Authors: Shelswell, KJ; Labrecque, PO; Morrison, DM

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Shelswell, KJ, Labrecque, PO & Morrison, DM 2018, 'Increasing productive capacity in block caving mines', in Y Potvin & J Jakubec (eds), Proceedings of the Fourth International Symposium on Block and Sublevel Caving, Australian Centre for Geomechanics, Perth, pp. 107-118.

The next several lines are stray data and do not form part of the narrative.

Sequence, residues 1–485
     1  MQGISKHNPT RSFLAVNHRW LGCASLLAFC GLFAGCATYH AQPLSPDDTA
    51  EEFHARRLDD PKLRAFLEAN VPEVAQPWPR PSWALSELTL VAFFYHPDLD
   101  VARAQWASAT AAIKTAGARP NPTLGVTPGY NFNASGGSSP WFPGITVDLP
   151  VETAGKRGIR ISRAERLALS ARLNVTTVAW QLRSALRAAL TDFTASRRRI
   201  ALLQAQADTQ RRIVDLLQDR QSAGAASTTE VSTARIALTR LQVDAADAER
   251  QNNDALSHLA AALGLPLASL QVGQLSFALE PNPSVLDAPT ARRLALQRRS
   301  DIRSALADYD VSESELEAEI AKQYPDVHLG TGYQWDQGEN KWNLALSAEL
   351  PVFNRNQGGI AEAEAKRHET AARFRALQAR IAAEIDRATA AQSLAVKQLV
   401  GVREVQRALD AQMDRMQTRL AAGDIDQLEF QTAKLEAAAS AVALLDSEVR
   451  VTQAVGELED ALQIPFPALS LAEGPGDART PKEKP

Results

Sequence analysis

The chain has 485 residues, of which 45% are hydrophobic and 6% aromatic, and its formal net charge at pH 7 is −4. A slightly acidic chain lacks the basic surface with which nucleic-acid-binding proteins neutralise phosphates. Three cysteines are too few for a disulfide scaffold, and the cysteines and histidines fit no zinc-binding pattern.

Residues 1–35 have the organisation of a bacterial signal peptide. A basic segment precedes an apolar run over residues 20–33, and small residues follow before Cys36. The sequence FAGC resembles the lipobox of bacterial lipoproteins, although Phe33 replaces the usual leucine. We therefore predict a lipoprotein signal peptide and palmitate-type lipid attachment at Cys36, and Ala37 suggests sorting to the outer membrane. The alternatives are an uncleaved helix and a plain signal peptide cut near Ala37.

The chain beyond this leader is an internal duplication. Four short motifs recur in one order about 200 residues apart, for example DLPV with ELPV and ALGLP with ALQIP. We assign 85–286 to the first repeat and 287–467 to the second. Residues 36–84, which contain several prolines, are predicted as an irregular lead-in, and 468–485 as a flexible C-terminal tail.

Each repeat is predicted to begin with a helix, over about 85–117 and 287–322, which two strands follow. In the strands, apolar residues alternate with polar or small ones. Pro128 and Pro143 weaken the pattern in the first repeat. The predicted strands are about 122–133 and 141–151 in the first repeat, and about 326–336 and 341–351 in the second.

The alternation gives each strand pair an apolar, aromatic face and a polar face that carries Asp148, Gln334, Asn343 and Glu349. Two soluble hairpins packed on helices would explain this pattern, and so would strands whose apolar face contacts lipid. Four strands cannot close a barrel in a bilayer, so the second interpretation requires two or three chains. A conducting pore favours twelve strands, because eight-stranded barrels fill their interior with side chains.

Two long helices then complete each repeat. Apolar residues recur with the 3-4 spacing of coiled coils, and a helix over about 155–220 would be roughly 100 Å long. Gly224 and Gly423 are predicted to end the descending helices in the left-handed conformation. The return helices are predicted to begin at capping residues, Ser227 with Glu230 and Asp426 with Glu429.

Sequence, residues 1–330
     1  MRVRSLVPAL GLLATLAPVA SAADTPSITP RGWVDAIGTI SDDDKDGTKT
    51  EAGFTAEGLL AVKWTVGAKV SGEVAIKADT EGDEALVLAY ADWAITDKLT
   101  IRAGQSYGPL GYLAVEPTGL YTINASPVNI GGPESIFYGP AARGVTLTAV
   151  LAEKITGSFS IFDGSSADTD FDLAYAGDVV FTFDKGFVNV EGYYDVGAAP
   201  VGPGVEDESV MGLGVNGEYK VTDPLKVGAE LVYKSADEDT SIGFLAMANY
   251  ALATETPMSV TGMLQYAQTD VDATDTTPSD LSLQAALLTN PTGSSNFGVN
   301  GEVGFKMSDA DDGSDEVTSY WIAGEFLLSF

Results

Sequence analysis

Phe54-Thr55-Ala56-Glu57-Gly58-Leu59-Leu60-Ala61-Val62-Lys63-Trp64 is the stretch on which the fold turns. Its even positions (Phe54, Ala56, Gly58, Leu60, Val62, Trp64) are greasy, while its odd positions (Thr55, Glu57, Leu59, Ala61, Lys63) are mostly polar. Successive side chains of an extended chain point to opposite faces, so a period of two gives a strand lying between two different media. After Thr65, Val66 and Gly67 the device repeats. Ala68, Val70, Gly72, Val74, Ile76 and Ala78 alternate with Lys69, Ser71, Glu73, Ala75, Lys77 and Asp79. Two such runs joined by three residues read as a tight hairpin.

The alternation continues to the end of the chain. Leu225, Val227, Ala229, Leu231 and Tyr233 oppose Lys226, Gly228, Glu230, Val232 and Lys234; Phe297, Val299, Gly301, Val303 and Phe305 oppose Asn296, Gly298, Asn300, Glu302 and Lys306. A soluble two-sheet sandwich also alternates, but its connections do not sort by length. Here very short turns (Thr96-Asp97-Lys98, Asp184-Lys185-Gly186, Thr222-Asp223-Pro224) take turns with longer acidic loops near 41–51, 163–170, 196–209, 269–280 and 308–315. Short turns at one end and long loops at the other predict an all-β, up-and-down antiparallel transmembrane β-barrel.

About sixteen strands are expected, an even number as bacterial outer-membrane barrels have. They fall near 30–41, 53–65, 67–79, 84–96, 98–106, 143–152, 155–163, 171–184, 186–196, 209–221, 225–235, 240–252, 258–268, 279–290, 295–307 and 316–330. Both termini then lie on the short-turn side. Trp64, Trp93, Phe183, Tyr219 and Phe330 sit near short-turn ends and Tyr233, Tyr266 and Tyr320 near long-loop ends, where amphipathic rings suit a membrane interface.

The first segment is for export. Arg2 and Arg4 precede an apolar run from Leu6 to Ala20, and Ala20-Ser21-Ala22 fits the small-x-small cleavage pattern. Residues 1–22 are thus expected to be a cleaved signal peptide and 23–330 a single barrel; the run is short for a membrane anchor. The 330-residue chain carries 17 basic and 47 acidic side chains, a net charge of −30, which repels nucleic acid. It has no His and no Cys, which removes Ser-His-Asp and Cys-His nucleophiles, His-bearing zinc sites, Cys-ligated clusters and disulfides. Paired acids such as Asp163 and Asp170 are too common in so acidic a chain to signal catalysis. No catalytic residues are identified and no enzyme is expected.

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The block caving method requires the effective management of the induced stress conditions and the ore production system. We believe that the primary focus should be on the strategic design of the ore production system that will facilitate the management of the development activities involved in expanding the production footprint. A discrete event simulation was designed to quantify the impact of drawpoint loading methodologies on the productive capacity of block caving extraction footprints. The analysis of a conventional load–haul–dump (LHD) batch production process means it is very difficult for a 300 m wide footprint to reliably achieve a target of 100,000 tpd. It is always possible to increase the number of active extraction drives and the number of LHDs but this also increases the production cost and creates logistical problems. The analysis also shows that mine production rates much greater than 100,000 tpd can only be achieved by a continuous production system. This approach concentrates production within a smaller area with the potential for steeper caving angles. Higher production rates also shorten the life of drawpoints and reduce the risk of drawpoint failure. We believe the transition from a batch production system to a continuous production system will reduce the cost of production of current block caving operations and is essential if block caving operations are to reliably achieve production rates that are much higher than today. Keywords: discrete event simulation, block caving productivity, continuous production system


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